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Opinion >  Column

Huckleberries: Not your usual business card, but it did the trick

Kevin Serr, general manager of Compass Construction, is shown with wife, Marnie, and son, Jake, participating in a weekly Blessings Under the Bridge feed on a Wednesday night. Kevin is vice president of the nonprofit which feeds the homeless under an I-90 overpass in Spokane. (Courtesy of Kevin Serr)
Kevin Serr, general manager of Compass Construction, is shown with wife, Marnie, and son, Jake, participating in a weekly Blessings Under the Bridge feed on a Wednesday night. Kevin is vice president of the nonprofit which feeds the homeless under an I-90 overpass in Spokane. (Courtesy of Kevin Serr)

Contractor Kevin Serr of Compass Construction, a disaster restoration business, usually doesn’t receive a resume scribbled on the back of a Keystone Light beer box that once held 12 cans of 12 fluid ounces. But he did this week. From a fellow named Ken, whose qualifications, according to his beer-box resume, include a valid driver’s license, two snow blowers, chain saws and a power-line tree trimmer. Kevin, a Coeur d’Alene resident who also serves as vice president of the Spokane nonprofit Blessings Under the Bridge, was intrigued by the unusual application. Or was it a business card? He appreciated that Ken had repurposed the beer box. Also, Kevin suspects that the applicant is like many of the people to whom he serves meals under an I-90 overpass on Wednesday nights – someone trying to get by from day to day. Kevin told Huckleberries that he’s going to reach out to Ken. Mebbe give him a job and a backpack. And a stack of business cards?

Spare tires

When Julie Titone tells you to check your spare tire, she’s not talking about the one you earned honestly by refusing to do push-aways from the dinner table. She means the one in your trunk. The former North Idaho regional editor for this newspaper squandered seven hours of her life, from 8 a.m. to 3 p.m., recently trying to fix a flat tire. Snafu begat roadside service glitch in icy conditions. Stir in bad luck overall and you have Julie’s day. Julie, now with Sno-Isle Libraries and living in Everett, learned this lesson: Make sure you can remove your spare tire from your car. She couldn’t. Nor could the two strong men who service tires for a living. A VW dealership was needed for the job. You’ve been warned.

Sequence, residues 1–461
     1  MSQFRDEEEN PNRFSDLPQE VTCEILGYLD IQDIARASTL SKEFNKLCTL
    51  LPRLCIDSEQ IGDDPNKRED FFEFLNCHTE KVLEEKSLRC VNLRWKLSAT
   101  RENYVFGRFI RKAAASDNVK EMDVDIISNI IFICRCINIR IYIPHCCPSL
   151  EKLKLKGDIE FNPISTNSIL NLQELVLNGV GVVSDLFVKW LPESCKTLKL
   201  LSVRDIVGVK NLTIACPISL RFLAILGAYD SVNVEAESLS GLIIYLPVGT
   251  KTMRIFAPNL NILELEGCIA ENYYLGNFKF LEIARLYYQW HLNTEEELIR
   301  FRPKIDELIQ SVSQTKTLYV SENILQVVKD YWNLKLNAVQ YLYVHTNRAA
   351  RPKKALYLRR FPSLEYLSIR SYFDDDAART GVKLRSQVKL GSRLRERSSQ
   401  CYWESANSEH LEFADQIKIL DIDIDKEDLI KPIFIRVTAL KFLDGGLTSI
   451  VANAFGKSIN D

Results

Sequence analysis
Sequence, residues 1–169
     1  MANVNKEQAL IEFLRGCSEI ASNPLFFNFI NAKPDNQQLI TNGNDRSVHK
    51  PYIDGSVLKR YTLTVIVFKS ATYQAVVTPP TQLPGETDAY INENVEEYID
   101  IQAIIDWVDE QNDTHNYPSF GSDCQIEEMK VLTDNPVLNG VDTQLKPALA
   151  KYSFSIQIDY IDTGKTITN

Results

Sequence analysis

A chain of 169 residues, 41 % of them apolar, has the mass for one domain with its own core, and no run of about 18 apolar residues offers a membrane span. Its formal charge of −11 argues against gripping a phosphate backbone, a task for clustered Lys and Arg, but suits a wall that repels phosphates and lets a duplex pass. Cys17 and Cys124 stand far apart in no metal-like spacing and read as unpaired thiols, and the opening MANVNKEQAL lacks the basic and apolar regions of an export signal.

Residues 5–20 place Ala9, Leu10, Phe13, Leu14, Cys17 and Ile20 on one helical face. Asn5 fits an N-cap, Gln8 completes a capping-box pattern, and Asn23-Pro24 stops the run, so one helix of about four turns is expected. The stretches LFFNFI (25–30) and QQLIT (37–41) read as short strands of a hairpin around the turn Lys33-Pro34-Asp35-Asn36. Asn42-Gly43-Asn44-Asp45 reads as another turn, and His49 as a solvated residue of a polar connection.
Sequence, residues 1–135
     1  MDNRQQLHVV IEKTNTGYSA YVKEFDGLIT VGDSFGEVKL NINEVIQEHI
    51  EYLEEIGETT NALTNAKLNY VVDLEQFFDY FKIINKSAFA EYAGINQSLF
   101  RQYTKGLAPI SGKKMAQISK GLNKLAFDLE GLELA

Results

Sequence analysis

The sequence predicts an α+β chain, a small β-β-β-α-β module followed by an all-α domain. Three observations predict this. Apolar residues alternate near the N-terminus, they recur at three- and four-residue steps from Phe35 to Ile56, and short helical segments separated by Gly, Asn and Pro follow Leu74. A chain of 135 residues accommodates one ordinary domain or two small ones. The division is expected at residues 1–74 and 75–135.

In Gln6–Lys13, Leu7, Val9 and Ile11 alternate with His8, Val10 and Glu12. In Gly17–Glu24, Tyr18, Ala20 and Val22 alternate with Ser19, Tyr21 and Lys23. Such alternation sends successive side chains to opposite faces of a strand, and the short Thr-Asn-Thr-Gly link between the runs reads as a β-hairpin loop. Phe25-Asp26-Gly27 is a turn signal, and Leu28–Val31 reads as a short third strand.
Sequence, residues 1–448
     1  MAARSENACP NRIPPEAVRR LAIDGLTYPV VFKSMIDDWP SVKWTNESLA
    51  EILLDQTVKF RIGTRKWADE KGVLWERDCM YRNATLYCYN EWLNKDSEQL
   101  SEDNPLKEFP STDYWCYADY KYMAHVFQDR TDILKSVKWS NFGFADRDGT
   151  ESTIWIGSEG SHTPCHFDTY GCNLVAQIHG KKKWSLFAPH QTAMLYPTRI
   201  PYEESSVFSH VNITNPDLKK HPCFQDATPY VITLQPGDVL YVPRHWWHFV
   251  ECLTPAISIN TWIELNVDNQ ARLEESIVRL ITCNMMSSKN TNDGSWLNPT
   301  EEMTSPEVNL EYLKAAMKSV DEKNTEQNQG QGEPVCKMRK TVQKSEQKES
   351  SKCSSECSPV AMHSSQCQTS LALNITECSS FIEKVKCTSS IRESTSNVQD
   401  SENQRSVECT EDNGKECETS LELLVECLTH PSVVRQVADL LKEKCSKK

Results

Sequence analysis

Huckleberries

Poet’s Corner – “Someplace the days are sunny/and someplace skies are clear;/someplace the buds are blooming,/but someplace sure ain’t here” – the late Tom Wobker, The Bard of Sherman Avenue (“Someplace,” from Sept 4, 2012) … So how high is the snow in your ’hood, Debra Cashman? High enough for the dog to trot across it and over the 5-foot fence. Which isn’t all that bad, the Rathdrum teacher tells Huckleberries. She’s more concerned that the moose, elk and deer might trot back over from the other side … Huckleberries is sad to report that Java on Sherman is closing its doors with a “Java’s Moving On” party from 5 to 7 p.m. Wednesday after 22 years in downtown Coeur d’Alene. However, the Java shop in Hayden will remain open … Singing the Winter 2017 Blues: “Oh my aching back. Even with a snowthrower, moving slush and ice is a bear” – former KHQ broadcaster Hugh Imhof, now retired in Spokane … Fan Mail: “Thank you good sir for letting me know that I am old as dirt” reader John Bennehoff re: Huckleberries comment that those who remember the old Tiparillo cigar ad slogan (“Should a gentleman offer a lady a Tiparillo?”) are as old as dirt.

Parting shot

After a six-week trial run, Huckleberries will drop down to a four-times-a-week column rather than five times – Tuesday through Friday. You can teach an old dog like Your Huckleberry Hound new tricks, like writing five columns per week instead of one. But he’s still an old dog.

You can contact D.F. Oliveria at daveo@spokesman.com and/or follow him at www.spokesman.com/blogs/hbo or @HucksOnline.

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